These are the best practices and standards that the newly implemented Biometric System is supposed to adhere to.

  6. Biometric System Testing:

    These specifications establish layout the criteria that will confirm what is acceptable performance for the Biometric System.

From these above components, the Biometric System Specifications can then be written either internally by the project management team from within the business or corporation, or by a neutral, unbiased third party. Regardless of the entity which writes it, the documentation at a minimum, should consist of the following:

  1. The Introduction:

    This portion of the documentation consists of the Executive Summary, the scope of the Biometric System deployment/implementation, the key terminology (“techno-jargon”) used in the entire process, as well as a listing of the references which were used to conduct the research to justify the need for a Biometric System in the first place.

  2. Product Description:

    This portion describes the entire gamut of Biometric modalities which are going to be used at the business or corporation, and how they will be deployed (for example in a Peer to peer network, a Client-Server network, etc.).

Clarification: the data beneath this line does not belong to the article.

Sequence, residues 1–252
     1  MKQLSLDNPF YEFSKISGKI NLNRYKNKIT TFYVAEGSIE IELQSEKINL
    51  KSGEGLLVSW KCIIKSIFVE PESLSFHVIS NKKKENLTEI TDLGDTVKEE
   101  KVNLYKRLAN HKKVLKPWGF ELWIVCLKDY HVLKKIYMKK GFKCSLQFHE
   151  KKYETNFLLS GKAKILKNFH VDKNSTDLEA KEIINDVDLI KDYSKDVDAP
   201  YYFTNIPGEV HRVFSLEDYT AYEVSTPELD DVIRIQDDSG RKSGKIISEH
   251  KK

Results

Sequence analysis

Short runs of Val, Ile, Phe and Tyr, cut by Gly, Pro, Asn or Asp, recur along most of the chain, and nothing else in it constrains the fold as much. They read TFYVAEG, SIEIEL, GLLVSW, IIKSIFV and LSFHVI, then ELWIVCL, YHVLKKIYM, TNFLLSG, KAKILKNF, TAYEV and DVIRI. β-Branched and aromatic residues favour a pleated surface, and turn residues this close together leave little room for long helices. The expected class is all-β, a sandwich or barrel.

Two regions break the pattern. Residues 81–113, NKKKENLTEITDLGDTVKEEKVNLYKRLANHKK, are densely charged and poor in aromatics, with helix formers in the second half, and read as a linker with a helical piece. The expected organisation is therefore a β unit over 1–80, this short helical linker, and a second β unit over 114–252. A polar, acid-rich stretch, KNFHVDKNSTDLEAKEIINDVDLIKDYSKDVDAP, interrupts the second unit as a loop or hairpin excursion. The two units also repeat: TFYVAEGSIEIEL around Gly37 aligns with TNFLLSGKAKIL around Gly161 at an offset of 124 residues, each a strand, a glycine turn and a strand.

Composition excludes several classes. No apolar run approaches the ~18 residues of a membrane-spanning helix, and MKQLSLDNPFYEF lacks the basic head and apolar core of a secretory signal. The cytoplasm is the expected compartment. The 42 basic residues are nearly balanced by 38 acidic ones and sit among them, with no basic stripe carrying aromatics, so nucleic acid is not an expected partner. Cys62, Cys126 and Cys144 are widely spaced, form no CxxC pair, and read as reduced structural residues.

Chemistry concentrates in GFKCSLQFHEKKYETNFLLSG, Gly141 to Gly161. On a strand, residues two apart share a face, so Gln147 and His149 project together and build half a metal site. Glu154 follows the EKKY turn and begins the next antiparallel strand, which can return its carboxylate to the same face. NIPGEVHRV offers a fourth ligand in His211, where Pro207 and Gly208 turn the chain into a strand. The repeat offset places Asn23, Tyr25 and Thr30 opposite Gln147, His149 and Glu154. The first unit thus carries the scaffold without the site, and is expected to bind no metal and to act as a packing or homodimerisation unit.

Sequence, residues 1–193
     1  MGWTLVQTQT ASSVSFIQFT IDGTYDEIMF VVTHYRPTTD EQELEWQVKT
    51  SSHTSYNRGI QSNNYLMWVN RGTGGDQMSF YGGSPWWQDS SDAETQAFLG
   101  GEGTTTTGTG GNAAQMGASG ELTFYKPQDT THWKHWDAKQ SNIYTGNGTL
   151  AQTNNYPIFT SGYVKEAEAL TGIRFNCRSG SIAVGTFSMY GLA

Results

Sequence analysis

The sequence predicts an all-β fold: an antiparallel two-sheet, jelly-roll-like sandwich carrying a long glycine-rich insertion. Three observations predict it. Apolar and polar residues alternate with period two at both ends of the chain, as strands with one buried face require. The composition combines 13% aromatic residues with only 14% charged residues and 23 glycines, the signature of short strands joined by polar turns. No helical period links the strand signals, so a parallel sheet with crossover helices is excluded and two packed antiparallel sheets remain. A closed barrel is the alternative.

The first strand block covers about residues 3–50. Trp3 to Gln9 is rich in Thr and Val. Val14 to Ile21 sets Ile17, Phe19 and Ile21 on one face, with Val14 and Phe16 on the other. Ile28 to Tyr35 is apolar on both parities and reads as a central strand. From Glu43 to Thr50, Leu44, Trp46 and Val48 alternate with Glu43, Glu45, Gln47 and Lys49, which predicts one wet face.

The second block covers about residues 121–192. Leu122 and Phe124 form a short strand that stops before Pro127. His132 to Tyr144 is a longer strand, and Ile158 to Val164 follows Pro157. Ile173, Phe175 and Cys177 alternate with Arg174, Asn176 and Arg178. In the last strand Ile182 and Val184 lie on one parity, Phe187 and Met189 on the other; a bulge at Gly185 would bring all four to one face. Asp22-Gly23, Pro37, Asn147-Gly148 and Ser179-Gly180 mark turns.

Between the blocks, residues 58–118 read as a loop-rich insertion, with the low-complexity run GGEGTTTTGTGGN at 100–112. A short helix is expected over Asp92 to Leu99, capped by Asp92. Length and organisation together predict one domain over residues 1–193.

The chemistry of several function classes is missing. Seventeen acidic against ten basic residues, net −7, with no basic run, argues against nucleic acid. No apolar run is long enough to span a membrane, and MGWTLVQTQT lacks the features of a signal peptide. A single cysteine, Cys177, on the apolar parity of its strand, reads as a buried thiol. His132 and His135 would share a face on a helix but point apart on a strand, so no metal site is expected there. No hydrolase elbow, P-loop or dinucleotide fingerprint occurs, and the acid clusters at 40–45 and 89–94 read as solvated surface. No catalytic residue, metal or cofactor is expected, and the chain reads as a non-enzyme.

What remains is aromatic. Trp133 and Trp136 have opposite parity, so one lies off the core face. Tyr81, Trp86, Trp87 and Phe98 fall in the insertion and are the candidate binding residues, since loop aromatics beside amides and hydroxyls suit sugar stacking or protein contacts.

3. System Requirements:

    This final portion of the document lays out the details of the formal Security Requirements for the Biometric System which is to be ultimately procured and deployed.


As one can tell, the procurement and deployment of a Biometric System can be a very complex undertaking, as opposed to just implementing a simple, USB based standalone device. There are both the human and technical issues which need to be taken into consideration. If it is planned out properly, it can take up to 6-8 months to complete the entire Biometric Project Management project.

While this might appear to be a long time, it is obviously much better to make sure that every step is planned out in detail. If not, there could be more expenses in the future when it comes to the procurement and deployment of the Biometric modalities which will be used.

But, it is also important to note that the Biometric Project Management plan must be dynamic in nature. Meaning, if one part of it changes, the other portions of the plan should be able to update in real time to properly reflect the change(s).

The first article went into detail into what the overall Biometric Project Management plan should look like, based on the Human Factors perspective. This article continued with this theme, but instead, focusing in on more the technical aspects.

Our next article will continue with the theme of the Biometric Project Management Lifecycle, but it will examine the technicalities which need to be examined when considering the actual Biometric modalities themselves which will be deployed at the business or corporation.